Where are the jobs and economic growth of the future going to come from? The creative industries, and notably the games business, is one answer.
But, as we explain in a film for Newsnight tonight, games industry executives do not believe that our education system can deliver the skills it needs to compete globally.
The industry veteran Ian Livingstone, the man behind Lara Croft, told us that the UK could be proud of its record in creating world-beating games - but the future does not look so bright.
"We're very very good at making games - but we need the skills. We need computer scientists, animators, artists and there aren't enough of them," he said.
And like many across the wider technology industry, he blames our skills shortage on ICT, the subject which is the current mainstay of computer education in our schools:
"Somehow the classroom got hijacked by ICT. And that is learning about Powerpoint, Word, Excel - useful but boring after more than a week of learning it. "
In a report for the government called Next Gen, Livingstone and his co-author Alex Hope, call for computer science to be brought into the national curriculum, and for a programme to recruit the best teachers to the subject.
The idea is that, instead of dull lessons in handling office productivity software, a new generation would be taught to get their hands dirty with programming - "teach our kids to code" is the slogan of a growing movement calling for change.
We visited one school in Cambridge where computer science is taught, albeit at A-level. Both the teacher and the students in the class we filmed at Long Road Sixth Form College felt too much time was being wasted earlier in the education system.
One teenager told us that ICT classes had been pointless - "they teach you to be a secretary."
And Adam McNichol - one of the few teaching this subject who has a computer science degree - told us the whole education system needed to change, so that the value of the subject was recognised.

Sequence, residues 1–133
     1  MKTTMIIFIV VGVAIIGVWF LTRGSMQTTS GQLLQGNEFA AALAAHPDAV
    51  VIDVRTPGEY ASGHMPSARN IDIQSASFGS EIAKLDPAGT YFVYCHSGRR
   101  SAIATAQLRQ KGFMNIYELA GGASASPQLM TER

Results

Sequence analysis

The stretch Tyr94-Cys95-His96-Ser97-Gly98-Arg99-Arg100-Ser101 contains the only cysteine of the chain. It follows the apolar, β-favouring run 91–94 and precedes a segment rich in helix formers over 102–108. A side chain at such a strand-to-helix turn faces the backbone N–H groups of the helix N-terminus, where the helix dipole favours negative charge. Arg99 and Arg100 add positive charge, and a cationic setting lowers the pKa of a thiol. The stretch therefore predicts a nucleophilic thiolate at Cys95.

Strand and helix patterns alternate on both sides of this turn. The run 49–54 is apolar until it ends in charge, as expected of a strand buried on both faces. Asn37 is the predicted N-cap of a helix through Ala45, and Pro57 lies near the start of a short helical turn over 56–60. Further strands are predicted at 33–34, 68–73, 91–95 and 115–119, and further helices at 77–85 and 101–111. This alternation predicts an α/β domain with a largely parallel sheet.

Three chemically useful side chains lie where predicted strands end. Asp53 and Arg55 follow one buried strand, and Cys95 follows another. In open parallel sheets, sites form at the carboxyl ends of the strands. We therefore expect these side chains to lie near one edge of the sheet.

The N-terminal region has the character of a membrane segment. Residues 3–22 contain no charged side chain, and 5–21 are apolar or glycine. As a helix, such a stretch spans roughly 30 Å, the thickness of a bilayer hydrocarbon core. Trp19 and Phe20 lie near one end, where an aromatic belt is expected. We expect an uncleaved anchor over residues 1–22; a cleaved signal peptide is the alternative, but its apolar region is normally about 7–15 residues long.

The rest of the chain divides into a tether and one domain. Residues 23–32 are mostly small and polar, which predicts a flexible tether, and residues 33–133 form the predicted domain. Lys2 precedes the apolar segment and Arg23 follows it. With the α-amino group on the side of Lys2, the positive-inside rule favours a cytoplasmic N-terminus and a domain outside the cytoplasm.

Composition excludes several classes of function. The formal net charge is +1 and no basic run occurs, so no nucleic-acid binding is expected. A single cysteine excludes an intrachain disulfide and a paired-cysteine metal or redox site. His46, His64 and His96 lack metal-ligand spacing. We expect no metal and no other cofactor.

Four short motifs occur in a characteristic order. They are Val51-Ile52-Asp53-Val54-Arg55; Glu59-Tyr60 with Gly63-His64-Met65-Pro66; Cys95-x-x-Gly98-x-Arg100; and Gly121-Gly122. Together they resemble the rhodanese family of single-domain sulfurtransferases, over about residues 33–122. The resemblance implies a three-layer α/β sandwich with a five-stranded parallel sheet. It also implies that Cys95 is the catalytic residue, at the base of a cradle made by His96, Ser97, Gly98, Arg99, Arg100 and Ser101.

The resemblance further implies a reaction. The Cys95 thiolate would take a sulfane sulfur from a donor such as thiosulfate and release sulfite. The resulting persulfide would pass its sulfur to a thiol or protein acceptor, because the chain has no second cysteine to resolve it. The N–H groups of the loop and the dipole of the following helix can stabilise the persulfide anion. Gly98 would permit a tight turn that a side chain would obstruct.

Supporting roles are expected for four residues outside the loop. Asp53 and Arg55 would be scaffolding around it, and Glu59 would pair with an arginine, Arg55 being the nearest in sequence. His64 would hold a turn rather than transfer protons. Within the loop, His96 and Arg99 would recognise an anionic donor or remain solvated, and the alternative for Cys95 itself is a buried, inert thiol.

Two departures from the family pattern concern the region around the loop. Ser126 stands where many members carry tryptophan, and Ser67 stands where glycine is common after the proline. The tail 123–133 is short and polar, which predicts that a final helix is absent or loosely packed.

Apparently, quite a few of his best students drop computer science at A-level because top universities are still sniffy about it.
We also visited David Braben, the man who created the legendary game Elite in the 1980s and went on to run a successful games business.
I've written before about his Raspberry Pi project, which aims to put a £15 computer in classrooms to teach a new generation to code.
That prospect is coming closer, with the charity planning to bring out a first version of the device by the end of the year. But Braben agrees that there is a wider cultural issue, with a lack of respect for the sciences from those in the arts:
"If you're a scientist, and you don't know a particular artistic question you get sneered at - but with the reverse, there's no expectation that a guy who knows about arts would know about technical questions."
It is an subject which was raised by the Google chairman Eric Schmidt in a speech in Edinburgh in August, where he expressed amazement that computer science was not taught in British schools.
That has given the movement pressing for change some serious ammunition.
Ian Livingstone, whose report is currently awaiting a response from the government, believes that the Department for Culture, Media and Sport understands the issue - but fears that the Department for Education is not listening.
But over recent weeks I have heard from dozens of people - from ICT teachers to games industry executives to school students - who are passionate about the need for change.
And this revolution may be pushing at an open door.
A government desperate to prove it has a growth strategy is in the mood to listen to those who say Britain can be a winner again in an industry that marries the arts and sciences.